There was a time when rock music was all about adolescent angst and misdirected sexual energy. Sadly, for myriad reasons too numerous to list here, most of the music that sees any level of distribution, or reasonable opportunity for mass consumption, is more like a calculated exercise in targeted marketing. Young musicians are just as screwed as they ever were, they're just a bit more savvy about the business end of it now and more likely to get something out of it in the end. Twenty is the new fifty; the rage, confusion, and energy replaced by reasonable business acumen and a good eye for public relations. Fortunately for us, and thanks to the new Grinderman album, it looks like fifty might be the new twenty.
Nick Cave's been at this game for a long time, and as he pushes (very) close to 50, he seems to have rediscovered his youthful vigor, angst and humour in this new project featuring three of his fellow Bad Seeds (Warren Ellis, Martyn Casey, and Jim Sclavunos). Nick Cave is the headliner here by reputation only; by all accounts this a very collaborative project that grew organically out of the Bad Seeds, starting with the Abattoir Blues/The Lyre Of Orpheus sessions, wherein a new approach was taken to songwriting that relied on much more improvisation, Cave playing off of his bandmates rather than to them. While Abbatoir stayed fairly close in style to more recent Bad Seeds works, Grinderman, and their self-titled debut album, looks further back in Cave's career for it's antecedents, hewing much closer to the feel, if not always the sound, of his seminal antipodean noise-punk band the Birthday Party.
Where Cave has become a true songwriting craftsman and grade-A crooner over the course of his later career, Grinderman revels in it's primitive absurdity; primitive, likely in no small part due to Nick Cave's sudden switch from pianist to guitarist. It gives the guitar work an instantly fresher and more immediate feel, as well as a primativist viscerality that hits the listener hard. A humourous absurdism seems to have made a return to the cannon as well, essentially MIA since the days of the Birthday Party. The Bad Seeds records were always a bit strange and surreal, but we haven't seen so much of the humour that is on display here in a long time. It's a side of Cave that is often forgotten in the murder ballads and dark dirges which have dominated his career of late, but makes a welcome return here.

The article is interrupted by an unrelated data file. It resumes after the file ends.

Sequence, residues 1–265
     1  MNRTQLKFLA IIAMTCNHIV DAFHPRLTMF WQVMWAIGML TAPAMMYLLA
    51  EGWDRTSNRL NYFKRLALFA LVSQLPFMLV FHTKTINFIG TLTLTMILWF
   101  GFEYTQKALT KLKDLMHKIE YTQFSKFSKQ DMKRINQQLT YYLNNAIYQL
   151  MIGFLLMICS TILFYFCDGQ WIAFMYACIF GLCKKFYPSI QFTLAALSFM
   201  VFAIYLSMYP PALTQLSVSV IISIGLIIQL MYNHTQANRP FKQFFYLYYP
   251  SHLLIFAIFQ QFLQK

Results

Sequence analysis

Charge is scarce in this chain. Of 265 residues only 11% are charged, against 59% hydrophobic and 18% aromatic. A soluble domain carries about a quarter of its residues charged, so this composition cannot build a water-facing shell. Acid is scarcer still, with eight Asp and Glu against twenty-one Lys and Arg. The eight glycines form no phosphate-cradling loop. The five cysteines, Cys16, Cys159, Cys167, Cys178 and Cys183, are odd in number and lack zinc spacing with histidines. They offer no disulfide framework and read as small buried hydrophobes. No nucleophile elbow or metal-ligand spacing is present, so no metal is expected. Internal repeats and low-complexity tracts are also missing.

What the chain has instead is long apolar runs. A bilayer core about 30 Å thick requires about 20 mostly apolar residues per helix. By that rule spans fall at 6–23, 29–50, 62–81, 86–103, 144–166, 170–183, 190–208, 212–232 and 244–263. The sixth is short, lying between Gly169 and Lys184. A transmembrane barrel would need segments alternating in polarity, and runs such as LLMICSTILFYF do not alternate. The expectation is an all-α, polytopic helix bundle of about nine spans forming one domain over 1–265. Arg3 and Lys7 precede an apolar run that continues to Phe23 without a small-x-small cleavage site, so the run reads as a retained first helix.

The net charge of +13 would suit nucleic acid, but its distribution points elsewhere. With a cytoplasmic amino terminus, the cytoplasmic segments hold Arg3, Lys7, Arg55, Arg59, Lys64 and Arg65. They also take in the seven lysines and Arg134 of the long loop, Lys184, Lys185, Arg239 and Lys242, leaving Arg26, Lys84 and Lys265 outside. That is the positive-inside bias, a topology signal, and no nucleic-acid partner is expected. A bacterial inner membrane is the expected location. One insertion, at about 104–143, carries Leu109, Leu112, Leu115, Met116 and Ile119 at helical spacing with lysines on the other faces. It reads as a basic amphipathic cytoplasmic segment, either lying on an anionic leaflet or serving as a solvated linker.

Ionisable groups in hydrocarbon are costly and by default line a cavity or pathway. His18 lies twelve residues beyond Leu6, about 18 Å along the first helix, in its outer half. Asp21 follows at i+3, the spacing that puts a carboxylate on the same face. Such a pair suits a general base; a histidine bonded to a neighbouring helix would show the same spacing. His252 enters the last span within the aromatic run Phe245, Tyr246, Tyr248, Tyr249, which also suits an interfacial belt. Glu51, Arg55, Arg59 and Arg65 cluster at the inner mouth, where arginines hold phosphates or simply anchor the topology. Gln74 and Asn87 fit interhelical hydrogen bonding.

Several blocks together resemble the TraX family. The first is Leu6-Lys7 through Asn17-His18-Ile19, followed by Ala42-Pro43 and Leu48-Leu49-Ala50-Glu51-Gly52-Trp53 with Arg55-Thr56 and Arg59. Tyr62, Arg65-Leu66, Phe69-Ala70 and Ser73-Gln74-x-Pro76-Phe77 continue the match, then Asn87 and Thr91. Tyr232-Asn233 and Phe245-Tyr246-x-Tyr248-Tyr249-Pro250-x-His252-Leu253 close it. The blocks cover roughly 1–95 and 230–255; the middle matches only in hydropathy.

In order to provide some context, let me say I have been a great admirer of Nick Cave's works from the very beginning (the song "Shivers" from the pre-Birthday Party band Boys Next Door contains one of my two favorite lyrics of all time: "and my baby's so vain/she is almost a mirror/and the sound of her name/sends a permanent shiver/down my spi-i-i-i-i-i-i-i-i-ine") all the way through the Bad Seeds catalog ("The Mercy Seat" is hands down my favorite song in the history of music); however, in the past 10 or so years, while I had continued to purchase the albums and give them a cursory spin, I felt that his/their albums had become a little same-y. I put on the Grinderman album not having read any reviews or heard any buzz, knowing only the personnel involved, hoping for the best, expecting… well expecting more of the same.